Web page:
Last month we continued our four-part series on positive thinking by talking about thought chatter (or what I often call brain babble). If you recall, your brain thinks up to 60,000 thoughts each day (that’s about 40 thoughts a minute, or one thought every 1.5 seconds). Our brains are like boats, as long as they keep moving they stay heathy, but let a boat idle for too long and barnacles begin to grow and slow its performance. Our brains act in a similar way. They stay healthy as long as they keep thinking.
But perhaps the most surprising thing when it comes to thought chatter is that up to 70% of our thoughts can be considered counterproductive to success! So, how is that possible you might ask? Well it’s simply because so many of the thoughts that we consider positive can actually be interpreted as quite negative by the brain.
For example, typical negative words like "can't" and "hate" are easy to spot, but it's the tricky ones like "think," "try," "hope," and "pray" that can really mess with your thought chatter. The reason this happens is because they actually sound pretty positive - after all, think indicates a desire to ride with your mind; try indicates a desire to accomplish something; and hope and pray must be good because their mentioned hundreds of times in the Bible - but use them while riding and the positive thought “I can do it” just might become “I think I can do it”, “I'll try to do it”, “I hope I can do it”, or “I pray I can do it”. As you can see, each of these phrases is considerably less positive than intended, simply because the tricky words changed the thought chatter into something counterproductive to success.
Perhaps the trickiest negative word of all is the word "not" because your mind has a very difficult time hearing it. For example, tell someone who's afraid of heights while standing on a cliff to not look down and what's the first thing she’ll likely do? Likewise, repeat the statement “I am not nervous” over and over again and don't be surprised if you start to feel just a bit nervous. You said, “I am not nervous” but your brain heard, “I am-nervous” just like the person afraid of heights heard “Do-look down.”
The good news is that there’s an easy trick that can help you avoid unintentionally turning your well-intentioned thought chatter to negative, and that is to simply use the word “am” in place of the words “am not”. For example, “I am confident” is interpreted differently by your brain than “I am not nervous” and “I am calm” is interpreted as more positive than “I am not tense.” In each of these examples, simply changing the words “am not” to “am” changes any potentially negative thought chatter to positive…as long as you’re not saying something like “I am nervous!”
Which leads us into our final tip on positive thinking, which we’ll discuss next month. But in the meantime, always remember to remind yourself who you are instead of what you aren’t (change “am not” to “am”) and that: Whatever you plan on being…be a good one!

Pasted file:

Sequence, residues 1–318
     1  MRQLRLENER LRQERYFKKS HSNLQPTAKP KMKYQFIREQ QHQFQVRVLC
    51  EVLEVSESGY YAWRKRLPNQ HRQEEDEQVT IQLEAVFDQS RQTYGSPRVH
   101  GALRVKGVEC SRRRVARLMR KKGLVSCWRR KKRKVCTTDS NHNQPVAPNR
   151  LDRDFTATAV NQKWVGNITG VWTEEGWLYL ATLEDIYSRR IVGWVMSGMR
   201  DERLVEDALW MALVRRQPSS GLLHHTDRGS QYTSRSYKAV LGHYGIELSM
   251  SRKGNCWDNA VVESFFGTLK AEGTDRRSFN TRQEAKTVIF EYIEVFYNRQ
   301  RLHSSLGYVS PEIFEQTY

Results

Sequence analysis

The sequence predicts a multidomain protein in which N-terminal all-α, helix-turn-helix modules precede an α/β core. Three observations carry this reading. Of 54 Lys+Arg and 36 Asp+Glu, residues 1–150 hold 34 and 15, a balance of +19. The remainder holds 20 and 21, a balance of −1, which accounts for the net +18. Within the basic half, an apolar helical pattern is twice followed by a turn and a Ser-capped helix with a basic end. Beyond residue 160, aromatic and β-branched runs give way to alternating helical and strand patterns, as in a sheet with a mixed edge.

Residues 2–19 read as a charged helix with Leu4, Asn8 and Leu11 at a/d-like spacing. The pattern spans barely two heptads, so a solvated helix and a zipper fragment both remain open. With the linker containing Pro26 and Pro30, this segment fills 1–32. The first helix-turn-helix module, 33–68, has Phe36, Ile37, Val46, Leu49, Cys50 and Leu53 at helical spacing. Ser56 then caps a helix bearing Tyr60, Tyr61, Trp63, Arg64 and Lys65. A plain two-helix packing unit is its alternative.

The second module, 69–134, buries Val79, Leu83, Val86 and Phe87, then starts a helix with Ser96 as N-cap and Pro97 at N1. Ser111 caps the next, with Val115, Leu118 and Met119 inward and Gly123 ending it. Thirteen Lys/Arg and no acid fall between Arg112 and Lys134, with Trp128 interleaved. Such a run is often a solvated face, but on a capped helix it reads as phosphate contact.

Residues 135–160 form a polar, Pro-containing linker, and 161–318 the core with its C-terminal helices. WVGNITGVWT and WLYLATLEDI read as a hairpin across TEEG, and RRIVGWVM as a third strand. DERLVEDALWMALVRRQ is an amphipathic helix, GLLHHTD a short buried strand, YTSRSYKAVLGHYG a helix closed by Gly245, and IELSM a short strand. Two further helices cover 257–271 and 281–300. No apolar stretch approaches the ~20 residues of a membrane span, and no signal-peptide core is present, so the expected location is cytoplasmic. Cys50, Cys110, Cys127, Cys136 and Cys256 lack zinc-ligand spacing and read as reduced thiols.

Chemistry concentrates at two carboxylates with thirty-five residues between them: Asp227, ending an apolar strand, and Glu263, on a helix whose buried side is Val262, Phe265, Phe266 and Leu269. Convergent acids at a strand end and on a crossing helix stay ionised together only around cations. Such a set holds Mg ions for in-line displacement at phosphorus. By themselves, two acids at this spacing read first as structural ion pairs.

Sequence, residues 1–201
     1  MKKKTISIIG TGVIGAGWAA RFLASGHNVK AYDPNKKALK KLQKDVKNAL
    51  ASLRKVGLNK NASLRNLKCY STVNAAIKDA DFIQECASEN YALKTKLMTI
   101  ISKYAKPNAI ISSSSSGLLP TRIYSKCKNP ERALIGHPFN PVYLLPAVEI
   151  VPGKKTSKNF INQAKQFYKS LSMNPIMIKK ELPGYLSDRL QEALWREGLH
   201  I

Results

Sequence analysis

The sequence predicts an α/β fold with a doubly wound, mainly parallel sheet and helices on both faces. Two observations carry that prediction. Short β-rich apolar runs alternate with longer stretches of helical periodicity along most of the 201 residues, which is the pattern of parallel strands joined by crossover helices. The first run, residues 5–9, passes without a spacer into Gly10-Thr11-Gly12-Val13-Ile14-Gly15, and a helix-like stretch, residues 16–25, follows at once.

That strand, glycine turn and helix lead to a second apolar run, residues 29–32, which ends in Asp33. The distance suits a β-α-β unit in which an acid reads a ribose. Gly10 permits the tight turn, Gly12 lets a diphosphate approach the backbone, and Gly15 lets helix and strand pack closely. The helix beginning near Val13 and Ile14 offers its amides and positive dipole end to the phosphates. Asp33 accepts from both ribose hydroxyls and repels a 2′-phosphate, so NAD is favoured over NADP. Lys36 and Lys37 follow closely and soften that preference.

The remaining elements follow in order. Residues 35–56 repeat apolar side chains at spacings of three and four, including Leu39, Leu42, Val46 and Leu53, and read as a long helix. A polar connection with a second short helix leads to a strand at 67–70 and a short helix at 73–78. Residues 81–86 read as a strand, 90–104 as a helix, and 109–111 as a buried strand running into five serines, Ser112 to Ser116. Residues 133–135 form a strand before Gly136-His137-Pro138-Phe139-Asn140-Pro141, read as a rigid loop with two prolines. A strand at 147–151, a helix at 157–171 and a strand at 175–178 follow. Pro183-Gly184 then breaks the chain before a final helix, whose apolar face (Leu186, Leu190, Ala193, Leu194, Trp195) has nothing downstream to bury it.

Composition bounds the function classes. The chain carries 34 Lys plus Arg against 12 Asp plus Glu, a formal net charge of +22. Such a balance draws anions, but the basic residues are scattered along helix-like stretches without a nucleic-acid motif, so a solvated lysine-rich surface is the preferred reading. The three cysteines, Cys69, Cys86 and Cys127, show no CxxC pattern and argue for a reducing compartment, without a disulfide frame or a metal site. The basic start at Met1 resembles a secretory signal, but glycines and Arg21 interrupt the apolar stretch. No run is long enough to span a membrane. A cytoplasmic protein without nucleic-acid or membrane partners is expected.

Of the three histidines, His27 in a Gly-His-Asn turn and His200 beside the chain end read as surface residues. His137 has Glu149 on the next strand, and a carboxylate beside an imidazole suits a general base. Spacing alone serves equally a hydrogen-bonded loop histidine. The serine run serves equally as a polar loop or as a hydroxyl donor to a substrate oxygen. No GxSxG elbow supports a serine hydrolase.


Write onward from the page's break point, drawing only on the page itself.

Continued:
Join Coach Stewart at the US Olympic Training Centers in Colorado Springs and Lake Placid this summer for four-day Equestrian Athlete Training Camps. Riders of all ages, levels, and disciplines are welcome and members of the USEA receive a $250 scholarship. For more information visit Coach Stewart's website.
It’s back to school for the USEA Collegiate Members! Last week several eventing teams described what it was like going back to school amidst COVID-19, and this week eventing teams participated in the USEA Intercollegiate Eventing Video Contest. The videos submitted represent a day in the life of a USEA Collegiate Member. The most creative video would win its own social media post on the USEA social media accounts.
My road to success is a bit different and quite a bit longer than most. Hi, my name is Jennarose Ortmeyer. I am 24 years old and my eventing journey started three years ago in the summer of 2017. Originally from Saint Louis, Missouri, I moved to North Carolina in June of 2017 seeking to further my career. I was a professional in the hunter/jumper world then and I hadn’t the faintest idea of how drastically my life was about to change.
How competitive have your Training results been? What’s a good dressage score? What scores could earn you a top finish? We’ve been taking a look at each USEA level and as we continue this series, EquiRatings offers some stats and graphs to help evaluate your Training game.
The CCI4*-S had an exciting shake-up of the top placings to finish out the International divisions at the Twin Rivers Fall International. It was Tamie Smith and Passepartout, an 11-year-old German Sport Horse gelding (Pasco x Preschel) owned by Tamie's daughter Kaylawna Smith-Cook, who came out on top with the fastest cross-country time of the group. Ruth Bley’s 11-year-old Hanoverian gelding Danito (Dancier x Wie Musik) took second. Erin Kellerhouse and her own Woodford Reserve rounded out the top three.